Pearl Beach is 93km north of the centre of Sydney, and around 68km from the start of the M1 freeway at Wahroonga. While most people travel to Pearl Beach by car, a combination of train and bus will also get you there.
The nearest train station is at Woy Woy. From there, a daily bus service (Route 54) runs (albeit infrequently) to and from Pearl Beach. Alternatively, taxis are available from the station.
Things to do
Pearl Beach is a beautiful, secluded and peaceful village at the southern extreme of the Central Coast region of New South Wales.
The beach itself is 1.1km long. The southern half is exceptionally well protected from wind and swell by Green Point, and includes a seawater pool. It is ideal for young children; swimming long, uninterrupted laps; kayaking; or paddle boarding.
Moving north, the beach becomes progressively more exposed and the water depth drops off quickly. If a SE swell is running, the waves at the mid to northern end can be treacherous.
The village of Pearl Beach is predominantly flat – ideal for leisurely walks or for cycling (bring your own bikes!).
There are a range of fire trails that are also very popular for walking and mountain biking. In particular, the Pearl Beach to Patonga Fire Trail that runs off Crystal Avenue (it’s part of the Great North Walk) is a challenging and rewarding walk. Make sure you stop at Warrah Lookout to take in the spectacular Broken Bay and Hawkesbury views. Another great lookout is north of the town (Mt Ettalong Lookout). Turn off Patonga Drive at the water reservoir and follow the track to the parking area.
Fishing – off the beach, but particularly off the southern rocks – is very popular. Bream, whiting, tailor and flathead are often caught.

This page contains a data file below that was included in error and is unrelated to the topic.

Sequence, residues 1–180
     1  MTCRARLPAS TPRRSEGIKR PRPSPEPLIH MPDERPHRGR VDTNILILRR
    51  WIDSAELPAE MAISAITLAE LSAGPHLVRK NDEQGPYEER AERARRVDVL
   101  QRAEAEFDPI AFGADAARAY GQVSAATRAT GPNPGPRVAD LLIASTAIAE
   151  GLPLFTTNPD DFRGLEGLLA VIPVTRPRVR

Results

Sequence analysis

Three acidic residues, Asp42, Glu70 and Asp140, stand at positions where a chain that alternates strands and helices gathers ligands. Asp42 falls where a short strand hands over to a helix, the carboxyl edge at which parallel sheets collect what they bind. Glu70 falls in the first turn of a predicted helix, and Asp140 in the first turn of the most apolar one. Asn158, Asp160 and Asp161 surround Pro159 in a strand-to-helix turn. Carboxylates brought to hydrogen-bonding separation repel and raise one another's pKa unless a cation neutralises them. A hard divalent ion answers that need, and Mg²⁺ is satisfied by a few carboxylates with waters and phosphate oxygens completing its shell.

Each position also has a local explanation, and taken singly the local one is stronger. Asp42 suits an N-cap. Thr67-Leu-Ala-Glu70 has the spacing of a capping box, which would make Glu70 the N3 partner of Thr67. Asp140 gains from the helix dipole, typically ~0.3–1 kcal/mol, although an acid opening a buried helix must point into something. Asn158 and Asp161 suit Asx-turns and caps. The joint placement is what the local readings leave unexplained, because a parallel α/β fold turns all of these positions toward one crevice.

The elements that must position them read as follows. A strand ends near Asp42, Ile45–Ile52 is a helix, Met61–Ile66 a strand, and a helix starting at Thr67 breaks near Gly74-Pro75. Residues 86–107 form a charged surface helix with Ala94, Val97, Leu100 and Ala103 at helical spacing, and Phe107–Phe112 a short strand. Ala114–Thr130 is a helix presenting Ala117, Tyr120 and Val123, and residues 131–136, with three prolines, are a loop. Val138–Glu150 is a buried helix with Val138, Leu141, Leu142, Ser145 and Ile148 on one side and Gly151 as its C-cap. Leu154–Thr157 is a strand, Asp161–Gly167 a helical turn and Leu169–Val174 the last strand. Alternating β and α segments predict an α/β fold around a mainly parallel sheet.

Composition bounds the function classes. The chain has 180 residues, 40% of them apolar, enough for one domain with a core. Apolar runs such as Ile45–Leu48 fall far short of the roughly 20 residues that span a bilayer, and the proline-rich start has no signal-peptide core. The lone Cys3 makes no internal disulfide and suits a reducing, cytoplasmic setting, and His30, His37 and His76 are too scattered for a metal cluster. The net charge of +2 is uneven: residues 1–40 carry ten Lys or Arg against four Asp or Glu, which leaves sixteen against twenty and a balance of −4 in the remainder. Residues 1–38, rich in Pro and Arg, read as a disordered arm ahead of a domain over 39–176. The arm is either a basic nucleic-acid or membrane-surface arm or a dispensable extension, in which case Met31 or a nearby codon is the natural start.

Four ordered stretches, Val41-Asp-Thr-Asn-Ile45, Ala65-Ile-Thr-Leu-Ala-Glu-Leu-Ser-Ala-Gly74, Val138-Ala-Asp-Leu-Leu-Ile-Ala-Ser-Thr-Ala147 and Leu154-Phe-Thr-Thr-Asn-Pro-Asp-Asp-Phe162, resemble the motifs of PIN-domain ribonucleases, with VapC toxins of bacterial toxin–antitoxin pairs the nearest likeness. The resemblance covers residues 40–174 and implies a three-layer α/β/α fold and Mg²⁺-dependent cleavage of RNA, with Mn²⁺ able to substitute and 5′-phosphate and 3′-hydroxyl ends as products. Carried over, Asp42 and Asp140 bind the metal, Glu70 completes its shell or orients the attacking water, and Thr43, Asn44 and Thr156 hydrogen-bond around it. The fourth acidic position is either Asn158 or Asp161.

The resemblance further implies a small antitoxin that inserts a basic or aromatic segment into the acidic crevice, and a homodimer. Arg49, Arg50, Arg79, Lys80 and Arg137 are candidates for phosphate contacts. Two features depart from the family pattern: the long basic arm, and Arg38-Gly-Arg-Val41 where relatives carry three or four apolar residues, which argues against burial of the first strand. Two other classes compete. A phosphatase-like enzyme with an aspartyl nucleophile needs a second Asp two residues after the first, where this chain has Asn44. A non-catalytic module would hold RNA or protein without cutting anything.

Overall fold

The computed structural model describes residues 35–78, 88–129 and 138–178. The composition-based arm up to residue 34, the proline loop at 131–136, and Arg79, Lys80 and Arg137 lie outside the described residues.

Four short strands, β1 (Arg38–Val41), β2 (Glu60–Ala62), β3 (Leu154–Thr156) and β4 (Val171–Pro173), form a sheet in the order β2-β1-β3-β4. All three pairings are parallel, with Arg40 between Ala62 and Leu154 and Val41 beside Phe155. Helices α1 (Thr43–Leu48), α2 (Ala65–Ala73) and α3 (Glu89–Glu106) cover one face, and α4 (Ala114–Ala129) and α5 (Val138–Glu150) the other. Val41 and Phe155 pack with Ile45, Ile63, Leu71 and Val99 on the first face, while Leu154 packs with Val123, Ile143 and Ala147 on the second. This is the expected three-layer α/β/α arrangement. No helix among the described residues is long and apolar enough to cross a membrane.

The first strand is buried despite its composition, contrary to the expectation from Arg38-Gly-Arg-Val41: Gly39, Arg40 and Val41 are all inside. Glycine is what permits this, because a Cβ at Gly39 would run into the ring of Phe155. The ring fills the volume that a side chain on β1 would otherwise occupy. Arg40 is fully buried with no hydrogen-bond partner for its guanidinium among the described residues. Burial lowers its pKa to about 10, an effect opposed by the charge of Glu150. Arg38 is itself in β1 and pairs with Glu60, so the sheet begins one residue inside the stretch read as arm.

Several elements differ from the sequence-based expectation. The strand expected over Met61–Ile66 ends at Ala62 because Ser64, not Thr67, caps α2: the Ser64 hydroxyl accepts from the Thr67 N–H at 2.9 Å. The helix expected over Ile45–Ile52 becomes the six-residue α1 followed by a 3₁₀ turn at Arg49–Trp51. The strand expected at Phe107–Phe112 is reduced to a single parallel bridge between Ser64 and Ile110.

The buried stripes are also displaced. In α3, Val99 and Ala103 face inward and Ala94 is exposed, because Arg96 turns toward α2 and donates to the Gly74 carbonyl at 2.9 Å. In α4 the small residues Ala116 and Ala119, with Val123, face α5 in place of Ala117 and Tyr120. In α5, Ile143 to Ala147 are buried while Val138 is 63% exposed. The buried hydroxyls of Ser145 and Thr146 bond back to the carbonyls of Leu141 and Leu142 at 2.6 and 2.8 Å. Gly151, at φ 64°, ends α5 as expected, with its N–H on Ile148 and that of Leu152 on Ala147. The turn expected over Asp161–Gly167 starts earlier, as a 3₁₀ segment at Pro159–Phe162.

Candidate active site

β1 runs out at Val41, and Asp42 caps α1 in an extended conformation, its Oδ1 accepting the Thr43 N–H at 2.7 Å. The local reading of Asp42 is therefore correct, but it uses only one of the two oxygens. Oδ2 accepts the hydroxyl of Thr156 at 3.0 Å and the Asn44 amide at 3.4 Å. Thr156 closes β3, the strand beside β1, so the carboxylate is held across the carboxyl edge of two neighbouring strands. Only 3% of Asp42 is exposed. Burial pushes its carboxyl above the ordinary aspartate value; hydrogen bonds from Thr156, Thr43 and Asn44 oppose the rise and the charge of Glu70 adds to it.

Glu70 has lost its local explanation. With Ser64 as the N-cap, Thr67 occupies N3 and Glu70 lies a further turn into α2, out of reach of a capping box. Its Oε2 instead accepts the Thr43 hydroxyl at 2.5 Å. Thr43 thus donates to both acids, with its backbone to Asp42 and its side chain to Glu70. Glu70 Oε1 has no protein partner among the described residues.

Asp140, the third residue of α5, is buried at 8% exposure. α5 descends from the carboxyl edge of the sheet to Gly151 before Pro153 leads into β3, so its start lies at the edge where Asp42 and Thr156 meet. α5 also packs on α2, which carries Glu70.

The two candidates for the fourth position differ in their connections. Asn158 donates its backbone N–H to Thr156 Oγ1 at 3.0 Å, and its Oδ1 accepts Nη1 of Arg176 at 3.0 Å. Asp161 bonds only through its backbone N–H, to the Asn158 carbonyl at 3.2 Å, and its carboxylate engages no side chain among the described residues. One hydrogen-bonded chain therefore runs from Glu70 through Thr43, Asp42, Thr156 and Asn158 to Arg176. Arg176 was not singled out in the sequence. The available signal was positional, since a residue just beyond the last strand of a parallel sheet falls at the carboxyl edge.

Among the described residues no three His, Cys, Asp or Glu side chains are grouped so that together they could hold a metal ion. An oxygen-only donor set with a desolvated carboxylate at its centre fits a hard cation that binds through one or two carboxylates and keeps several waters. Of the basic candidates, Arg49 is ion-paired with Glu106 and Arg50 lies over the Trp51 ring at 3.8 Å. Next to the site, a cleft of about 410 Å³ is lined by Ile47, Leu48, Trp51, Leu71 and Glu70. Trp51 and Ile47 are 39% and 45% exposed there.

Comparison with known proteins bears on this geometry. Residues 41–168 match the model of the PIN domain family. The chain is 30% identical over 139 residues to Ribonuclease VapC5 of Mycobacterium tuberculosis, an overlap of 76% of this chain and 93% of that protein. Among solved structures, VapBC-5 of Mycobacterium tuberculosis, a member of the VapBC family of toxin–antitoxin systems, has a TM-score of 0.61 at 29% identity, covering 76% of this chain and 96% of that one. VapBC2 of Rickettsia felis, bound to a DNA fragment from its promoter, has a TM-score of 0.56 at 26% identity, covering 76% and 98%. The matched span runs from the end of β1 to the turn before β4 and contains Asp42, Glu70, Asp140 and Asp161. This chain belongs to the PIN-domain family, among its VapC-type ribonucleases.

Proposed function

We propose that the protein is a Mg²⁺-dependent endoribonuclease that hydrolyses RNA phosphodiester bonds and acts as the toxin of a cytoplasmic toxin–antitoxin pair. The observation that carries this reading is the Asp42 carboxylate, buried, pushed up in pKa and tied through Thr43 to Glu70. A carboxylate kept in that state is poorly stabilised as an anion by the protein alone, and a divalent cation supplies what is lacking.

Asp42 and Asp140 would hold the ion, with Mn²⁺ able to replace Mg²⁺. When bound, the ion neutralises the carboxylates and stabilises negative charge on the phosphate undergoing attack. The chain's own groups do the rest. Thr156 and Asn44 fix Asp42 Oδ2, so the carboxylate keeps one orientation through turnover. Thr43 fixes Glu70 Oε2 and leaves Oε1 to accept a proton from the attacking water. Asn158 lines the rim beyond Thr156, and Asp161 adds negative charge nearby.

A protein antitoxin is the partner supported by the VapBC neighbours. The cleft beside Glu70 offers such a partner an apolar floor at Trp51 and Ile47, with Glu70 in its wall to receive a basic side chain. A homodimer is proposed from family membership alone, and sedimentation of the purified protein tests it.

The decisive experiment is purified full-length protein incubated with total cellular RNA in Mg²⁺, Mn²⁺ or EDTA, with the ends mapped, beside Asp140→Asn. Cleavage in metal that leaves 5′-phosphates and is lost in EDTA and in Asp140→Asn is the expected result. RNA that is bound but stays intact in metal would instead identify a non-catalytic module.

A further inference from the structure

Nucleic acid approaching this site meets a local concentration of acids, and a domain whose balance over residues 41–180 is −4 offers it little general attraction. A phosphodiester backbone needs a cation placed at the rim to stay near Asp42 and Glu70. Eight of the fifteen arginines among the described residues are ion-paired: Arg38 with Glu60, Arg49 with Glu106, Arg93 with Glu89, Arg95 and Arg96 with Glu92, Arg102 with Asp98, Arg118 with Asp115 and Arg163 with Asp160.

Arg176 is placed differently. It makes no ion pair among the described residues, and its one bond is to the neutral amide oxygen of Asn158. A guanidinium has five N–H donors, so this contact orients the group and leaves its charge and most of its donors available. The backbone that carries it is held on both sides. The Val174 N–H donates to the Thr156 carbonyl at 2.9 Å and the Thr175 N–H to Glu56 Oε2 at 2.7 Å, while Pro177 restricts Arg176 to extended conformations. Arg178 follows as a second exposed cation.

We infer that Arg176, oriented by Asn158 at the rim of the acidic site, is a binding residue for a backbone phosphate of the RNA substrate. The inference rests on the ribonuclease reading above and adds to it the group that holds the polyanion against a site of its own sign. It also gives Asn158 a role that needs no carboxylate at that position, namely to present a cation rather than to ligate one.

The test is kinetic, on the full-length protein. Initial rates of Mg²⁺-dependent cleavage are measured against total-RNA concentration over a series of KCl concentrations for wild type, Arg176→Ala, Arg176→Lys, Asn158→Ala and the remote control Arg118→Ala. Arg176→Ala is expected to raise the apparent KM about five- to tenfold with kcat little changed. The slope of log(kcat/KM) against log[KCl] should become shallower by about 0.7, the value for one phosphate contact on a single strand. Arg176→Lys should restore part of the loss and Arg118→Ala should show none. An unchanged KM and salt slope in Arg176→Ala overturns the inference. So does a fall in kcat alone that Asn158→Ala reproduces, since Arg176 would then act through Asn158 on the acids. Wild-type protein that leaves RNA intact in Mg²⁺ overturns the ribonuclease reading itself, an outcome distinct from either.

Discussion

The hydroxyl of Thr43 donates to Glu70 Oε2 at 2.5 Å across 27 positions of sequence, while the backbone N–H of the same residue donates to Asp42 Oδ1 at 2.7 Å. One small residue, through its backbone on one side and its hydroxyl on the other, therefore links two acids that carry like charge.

The town is renown for the Crommelin Native Aboretum, which can be accessed from the carpark at the end of Opal Close. This is a 5.5 hectare santuary for flora and includes wetlands, some rainforest as well as grassed areas. There are well established trails for visitors, and every March since 2006, an outdoor Opera has been held there.
There are tennis courts alongside the Aboretum, also in Opal Close.
Nearby to Pearl Beach, other attractions include the Patonga Pub, the Patonga and Ettalong ferries, Cinema Paradiso in Ettalong, and a range of beaches and waterways.
A bit of history……..
Pearl Beach was named by Clive Staples, who developed the town in the 1920’s. It was named after the pearl sized pebbles that were often to be found on the beach at that time. The local street names continue the precious stones theme. The first road into the village (which followed the northern shoreline) was built in 1925, and the first land sale registered in 1927.
For a much, much longer time the Gurrungai Aboriginal people inhabited Pearl Beach and its surrounds.